What is your biggest frustration or pet peeve when it comes to leading guilds?

I really dislike the attitude of people that assume guild leadership isn’t leadership. I’ve seen someone “take exception” to using the term guild leader. I’ve managed people in MMORPGs and in reality and all of the skills are the exact same. If it weren’t for MMORPGs I would have never become a leader in reality. The skills transferred so successfully that my raid career has impacted my engineering career in completely positive ways.

Have you had a chance to try out SWTOR?

I was in the beta and was not impressed at all. The game was good; I’m not suggesting otherwise. It just wasn’t “new.” It was just prototypical MMO + Star Wars. I’m also horribly addicted to Rift’s class system. I play healers and I loathe being backed into a corner as someone who can’t do anything but heal. Rift lets me raid heal and smash face. 

Let’s talk about the book, the Guild Leader’s Companion. One of the golden rules you mentioned is that you can never please everyone all of the time. What is the next best achievable goal after that?

The most important goal is to achieve your own (realistic) happiness. That sounds selfish but how can you lead and be positive if you’re miserable? Once you’re happy and positive you can start trying to keep the majority of the guild feeling the same way. That tends to work well and if someone gets upset they find solace in their guild mates.

What are your thoughts on multi gaming organizations/guilds?

It takes a huge commitment but is just taking guilds to another level. Perfectly fine and fun if you’re willing to put in the work. We focus on a more intimate group so it wouldn’t work for us but I think a good guild is a good guild whether it is in one game or twelve.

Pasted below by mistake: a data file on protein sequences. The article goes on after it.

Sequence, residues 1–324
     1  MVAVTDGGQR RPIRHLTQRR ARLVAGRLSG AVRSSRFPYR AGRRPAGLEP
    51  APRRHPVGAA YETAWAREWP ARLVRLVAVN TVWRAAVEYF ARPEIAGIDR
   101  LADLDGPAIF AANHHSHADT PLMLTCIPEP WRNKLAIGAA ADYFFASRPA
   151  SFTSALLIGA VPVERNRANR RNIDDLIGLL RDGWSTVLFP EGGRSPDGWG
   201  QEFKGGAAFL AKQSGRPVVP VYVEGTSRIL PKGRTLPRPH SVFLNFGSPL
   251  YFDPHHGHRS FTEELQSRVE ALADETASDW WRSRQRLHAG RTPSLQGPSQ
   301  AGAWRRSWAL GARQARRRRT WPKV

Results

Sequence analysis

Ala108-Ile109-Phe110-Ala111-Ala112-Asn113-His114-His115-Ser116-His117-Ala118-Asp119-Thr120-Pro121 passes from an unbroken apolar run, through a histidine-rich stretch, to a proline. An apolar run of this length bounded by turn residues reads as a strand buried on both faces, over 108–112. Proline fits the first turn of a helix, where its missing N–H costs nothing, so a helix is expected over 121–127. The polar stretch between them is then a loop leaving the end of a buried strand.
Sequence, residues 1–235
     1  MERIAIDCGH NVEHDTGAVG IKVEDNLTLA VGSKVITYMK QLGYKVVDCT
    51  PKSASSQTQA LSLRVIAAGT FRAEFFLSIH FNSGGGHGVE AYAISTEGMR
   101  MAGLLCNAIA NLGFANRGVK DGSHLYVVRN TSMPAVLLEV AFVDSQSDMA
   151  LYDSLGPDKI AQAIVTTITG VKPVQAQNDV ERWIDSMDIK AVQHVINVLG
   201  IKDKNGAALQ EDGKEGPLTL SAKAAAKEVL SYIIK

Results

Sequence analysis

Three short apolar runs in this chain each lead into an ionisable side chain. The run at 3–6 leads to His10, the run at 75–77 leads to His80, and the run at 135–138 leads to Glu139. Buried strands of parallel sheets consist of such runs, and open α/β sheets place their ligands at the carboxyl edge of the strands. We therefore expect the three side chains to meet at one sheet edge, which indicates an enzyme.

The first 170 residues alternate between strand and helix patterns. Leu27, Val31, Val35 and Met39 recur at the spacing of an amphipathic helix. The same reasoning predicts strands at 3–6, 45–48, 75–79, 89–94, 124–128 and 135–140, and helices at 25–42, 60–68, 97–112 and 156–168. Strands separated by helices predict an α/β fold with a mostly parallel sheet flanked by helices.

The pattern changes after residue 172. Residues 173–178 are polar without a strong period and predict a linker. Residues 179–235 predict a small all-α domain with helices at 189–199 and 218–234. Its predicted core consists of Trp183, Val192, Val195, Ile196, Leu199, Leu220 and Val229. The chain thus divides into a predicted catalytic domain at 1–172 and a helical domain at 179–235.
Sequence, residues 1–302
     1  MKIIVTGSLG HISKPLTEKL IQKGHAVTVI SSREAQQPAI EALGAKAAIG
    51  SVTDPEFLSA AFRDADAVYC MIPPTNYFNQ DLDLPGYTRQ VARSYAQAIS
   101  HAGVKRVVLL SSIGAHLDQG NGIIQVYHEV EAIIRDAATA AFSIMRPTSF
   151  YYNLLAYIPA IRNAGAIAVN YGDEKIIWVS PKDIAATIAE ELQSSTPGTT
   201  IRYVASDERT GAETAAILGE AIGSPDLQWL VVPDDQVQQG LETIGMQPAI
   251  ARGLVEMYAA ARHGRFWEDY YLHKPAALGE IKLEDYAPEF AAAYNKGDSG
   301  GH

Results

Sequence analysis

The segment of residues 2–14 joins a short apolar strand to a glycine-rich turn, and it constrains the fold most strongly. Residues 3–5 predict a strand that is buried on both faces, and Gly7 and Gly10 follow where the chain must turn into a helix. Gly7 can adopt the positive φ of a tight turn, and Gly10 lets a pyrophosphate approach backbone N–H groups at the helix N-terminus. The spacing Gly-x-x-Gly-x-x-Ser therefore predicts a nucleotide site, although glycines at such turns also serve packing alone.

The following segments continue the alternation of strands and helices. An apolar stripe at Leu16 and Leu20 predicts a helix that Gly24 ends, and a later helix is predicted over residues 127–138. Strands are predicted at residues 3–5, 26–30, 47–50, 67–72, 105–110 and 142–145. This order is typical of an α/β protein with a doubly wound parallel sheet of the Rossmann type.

You mention that one of the big obstacles in MMOs is the fact that egos can often get in the way. How would you recommend dealing with them?

Lead by example. If you and your officers have an ego it rubs off on others. I don’t have a public ego anymore. When I screw up I call it. I make fun of myself. I tease my officers when we mess up. It takes the level of tension down so much. We also focus on the macro level as I said. It is hard to get an ego when we praise the team rather than the individuals.

And finally, the Guild Leader’s Companion has been out for a while now. What other projects are you working on (if any)? Can you share anything?

The Guild Leader’s Companion was my first book and I’m both proud and ashamed of it. I have had a lot of growth as a leader, writer, and publisher since I wrote it. On the last one (publisher) I would say a TON of growth. I want to go back through the GLC and change it up some. I’m actually working on that now with a fusion book. It is more of a book on leadership and team building that is applicable to MMORPGs and uses them as examples but works in any place. One of the curious things about the GLC was that some of the business people in my office liked it enough that they wanted a “non-gaming” version. I hope to meet them halfway.